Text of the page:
March 6 (EIRNS)—Secretary of State Mike Pompeo’s stop in the Philippines over the March 2-3 weekend was aimed at countering the call by Secretary of National Defense Delfin Lorenzana for a review of the Mutual Defense Treaty (MDT) signed with the U.S. in 1951, over two issues: ambiguity over whether the U.S. military umbrella includes the contested islands in the South China Sea (since the U.S. officially does not take sides in territorial disagreements); and secondly, Lorenzana’s statement in December that the Philippines does not want to be pulled into a war with China, which would be required under the treaty if the U.S. and China went to war. Pompeo ignored the second issue, while assuring the Philippines that the U.S. “has your back” if their ships or planes or military forces were attacked in the South China Sea.
But neither Secretary Lorenzana nor President Rodrigo Duterte let it go at that. Lorenzana reiterated in a statement yesterday: “The Philippines is not in a conflict with anyone and will not be at war with anyone in the future.” He said, “the United States, with the increased and frequent passage of its naval vessels in the West Philippine Sea [the Philippines name for the South China Sea], is more likely to be involved in a shooting war,” in which case “the Philippines will be automatically involved in any such conflict.”
Duterte was typically more colorful. “America [i.e., Pompeo] said, ‘We will protect you. … your backs are covered I’m sure.’ I said, ‘it’s okay.’ But the problem here is they would invoke the [Mutual Defense Treaty] which was entered into by us, by our ancestors…. But in America, it has to pass through Congress. Any declaration of war will pass Congress. You know how bullshit America’s Congress is.”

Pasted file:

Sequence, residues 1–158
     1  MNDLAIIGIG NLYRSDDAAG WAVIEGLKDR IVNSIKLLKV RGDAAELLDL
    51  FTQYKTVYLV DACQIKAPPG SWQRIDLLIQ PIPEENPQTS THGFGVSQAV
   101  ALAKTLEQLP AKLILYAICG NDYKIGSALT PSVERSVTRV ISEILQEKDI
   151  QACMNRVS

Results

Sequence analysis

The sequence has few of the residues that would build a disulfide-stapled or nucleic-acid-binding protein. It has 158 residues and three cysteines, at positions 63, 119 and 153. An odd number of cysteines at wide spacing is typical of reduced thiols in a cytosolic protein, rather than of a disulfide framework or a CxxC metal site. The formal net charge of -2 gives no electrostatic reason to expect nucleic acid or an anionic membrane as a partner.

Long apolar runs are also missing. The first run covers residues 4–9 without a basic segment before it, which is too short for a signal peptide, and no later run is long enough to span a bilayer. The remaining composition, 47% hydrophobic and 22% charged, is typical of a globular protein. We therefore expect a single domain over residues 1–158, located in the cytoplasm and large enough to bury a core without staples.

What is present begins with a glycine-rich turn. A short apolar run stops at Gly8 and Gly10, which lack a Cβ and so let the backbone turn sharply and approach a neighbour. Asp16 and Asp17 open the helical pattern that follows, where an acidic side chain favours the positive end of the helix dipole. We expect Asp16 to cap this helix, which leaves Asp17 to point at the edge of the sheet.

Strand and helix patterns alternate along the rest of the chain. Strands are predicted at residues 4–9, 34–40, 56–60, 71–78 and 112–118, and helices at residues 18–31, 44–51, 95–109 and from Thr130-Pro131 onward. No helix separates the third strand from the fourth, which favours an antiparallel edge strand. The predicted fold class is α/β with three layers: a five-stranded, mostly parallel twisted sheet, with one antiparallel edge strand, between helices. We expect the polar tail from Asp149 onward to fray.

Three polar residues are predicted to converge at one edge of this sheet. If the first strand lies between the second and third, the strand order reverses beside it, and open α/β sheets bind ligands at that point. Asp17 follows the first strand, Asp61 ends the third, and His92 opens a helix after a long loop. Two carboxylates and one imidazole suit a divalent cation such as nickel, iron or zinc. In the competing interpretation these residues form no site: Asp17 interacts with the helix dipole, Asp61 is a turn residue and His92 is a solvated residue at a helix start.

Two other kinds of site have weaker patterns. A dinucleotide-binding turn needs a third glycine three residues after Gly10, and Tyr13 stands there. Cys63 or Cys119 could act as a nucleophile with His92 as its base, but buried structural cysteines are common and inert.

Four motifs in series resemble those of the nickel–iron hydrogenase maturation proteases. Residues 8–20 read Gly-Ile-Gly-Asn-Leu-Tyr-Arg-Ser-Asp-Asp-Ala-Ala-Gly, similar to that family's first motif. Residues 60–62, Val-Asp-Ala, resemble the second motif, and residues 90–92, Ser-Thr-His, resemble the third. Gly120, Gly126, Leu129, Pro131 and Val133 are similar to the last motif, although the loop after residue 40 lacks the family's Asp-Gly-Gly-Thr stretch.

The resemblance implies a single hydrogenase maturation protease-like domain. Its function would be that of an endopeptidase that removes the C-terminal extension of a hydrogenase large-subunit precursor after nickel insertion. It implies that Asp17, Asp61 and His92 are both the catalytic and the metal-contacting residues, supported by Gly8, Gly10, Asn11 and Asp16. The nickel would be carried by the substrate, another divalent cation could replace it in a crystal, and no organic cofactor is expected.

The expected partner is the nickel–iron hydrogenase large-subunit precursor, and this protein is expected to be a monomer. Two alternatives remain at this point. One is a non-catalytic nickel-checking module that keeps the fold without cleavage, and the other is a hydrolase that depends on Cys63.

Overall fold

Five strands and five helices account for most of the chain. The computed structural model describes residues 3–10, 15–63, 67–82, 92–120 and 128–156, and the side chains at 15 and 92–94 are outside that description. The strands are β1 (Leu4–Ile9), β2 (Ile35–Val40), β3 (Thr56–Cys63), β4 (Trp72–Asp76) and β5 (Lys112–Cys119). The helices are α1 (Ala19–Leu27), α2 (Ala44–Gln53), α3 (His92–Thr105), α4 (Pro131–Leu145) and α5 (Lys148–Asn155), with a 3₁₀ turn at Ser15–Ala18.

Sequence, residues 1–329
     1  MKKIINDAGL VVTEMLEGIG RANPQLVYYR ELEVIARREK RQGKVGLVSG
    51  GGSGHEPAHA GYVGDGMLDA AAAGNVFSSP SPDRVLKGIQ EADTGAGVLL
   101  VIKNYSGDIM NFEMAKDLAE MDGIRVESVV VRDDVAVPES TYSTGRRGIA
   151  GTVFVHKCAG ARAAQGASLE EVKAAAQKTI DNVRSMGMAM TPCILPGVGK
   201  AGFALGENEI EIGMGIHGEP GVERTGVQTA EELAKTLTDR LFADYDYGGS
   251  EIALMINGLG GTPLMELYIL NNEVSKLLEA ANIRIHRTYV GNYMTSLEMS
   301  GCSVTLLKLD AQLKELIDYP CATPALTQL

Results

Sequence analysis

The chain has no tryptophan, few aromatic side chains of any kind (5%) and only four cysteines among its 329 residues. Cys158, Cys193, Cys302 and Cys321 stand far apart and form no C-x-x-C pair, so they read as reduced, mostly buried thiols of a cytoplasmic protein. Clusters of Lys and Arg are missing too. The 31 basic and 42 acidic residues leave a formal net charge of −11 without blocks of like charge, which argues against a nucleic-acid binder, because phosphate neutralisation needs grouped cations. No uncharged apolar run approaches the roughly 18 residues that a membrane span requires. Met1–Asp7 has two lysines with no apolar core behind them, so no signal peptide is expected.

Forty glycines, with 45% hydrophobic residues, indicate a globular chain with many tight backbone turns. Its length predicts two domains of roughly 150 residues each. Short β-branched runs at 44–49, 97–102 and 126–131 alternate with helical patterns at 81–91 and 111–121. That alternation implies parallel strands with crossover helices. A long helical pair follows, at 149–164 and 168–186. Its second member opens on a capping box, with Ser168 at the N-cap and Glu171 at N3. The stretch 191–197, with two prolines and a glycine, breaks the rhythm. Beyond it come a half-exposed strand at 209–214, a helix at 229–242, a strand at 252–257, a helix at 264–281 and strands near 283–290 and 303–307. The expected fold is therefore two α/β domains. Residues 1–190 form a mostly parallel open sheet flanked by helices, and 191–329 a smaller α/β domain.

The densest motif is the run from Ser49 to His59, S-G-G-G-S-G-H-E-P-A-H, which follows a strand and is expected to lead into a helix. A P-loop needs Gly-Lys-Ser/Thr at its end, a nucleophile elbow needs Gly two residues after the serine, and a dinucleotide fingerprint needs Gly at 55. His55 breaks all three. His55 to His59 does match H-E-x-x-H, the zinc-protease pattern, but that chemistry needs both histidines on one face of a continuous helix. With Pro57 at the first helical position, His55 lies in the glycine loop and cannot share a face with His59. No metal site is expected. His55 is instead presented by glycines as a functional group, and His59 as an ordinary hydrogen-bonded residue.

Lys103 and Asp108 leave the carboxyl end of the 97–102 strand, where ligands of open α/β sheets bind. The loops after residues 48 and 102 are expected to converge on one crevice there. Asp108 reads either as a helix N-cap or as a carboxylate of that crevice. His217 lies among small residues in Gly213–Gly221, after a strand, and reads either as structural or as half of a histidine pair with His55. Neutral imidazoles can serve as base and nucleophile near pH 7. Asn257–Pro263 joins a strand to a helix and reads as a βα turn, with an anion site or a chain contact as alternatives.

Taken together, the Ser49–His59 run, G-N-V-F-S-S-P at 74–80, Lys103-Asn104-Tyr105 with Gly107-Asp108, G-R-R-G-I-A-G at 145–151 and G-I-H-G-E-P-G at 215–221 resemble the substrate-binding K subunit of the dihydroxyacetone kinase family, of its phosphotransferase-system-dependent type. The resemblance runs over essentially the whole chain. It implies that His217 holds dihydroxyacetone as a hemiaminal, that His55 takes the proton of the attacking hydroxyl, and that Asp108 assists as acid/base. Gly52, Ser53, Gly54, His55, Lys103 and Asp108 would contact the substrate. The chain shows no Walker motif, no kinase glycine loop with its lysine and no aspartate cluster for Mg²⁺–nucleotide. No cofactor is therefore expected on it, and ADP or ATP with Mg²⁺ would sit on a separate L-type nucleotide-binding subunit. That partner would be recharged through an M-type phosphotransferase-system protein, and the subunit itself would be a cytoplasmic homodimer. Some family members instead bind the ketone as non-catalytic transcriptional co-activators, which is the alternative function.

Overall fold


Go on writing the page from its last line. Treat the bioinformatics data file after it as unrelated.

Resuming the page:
The New York Times (which Trump has declared an enemy of the people) weighed in on March 5, complaining about Lorenzana’s call for reviewing the treaty. In an article, “Philippine Official, Fearing War with China, Seeks Review of U.S. Treaty,” the Times tried to divide the cabinet, saying Foreign Secretary Teodoro Locsin (who met with Pompeo) was “more receptive to Mr. Pompeo’s message, saying that Manila would take the word of its staunchest ally.”
Locsin also told the press that the ambiguity of the Treaty was a good thing, since it kept China off guard. Lorenzana refuted this, saying: “I do not believe that ambiguity or vagueness of the [MDT] will serve as a deterrent. In fact, it will cause confusion and chaos during a crisis.” He reiterated: “The fact that the security environment now is so vastly different and much more complex than the bipolar security construct of the era when the MDT was written necessitates a review of the treaty.”
In an interview with EIR to be published next week, Secretary Lorenzana expressed his condolences over the death of Lyndon LaRouche, with whom he met often during his 14 years at the Philippine Embassy in Washington.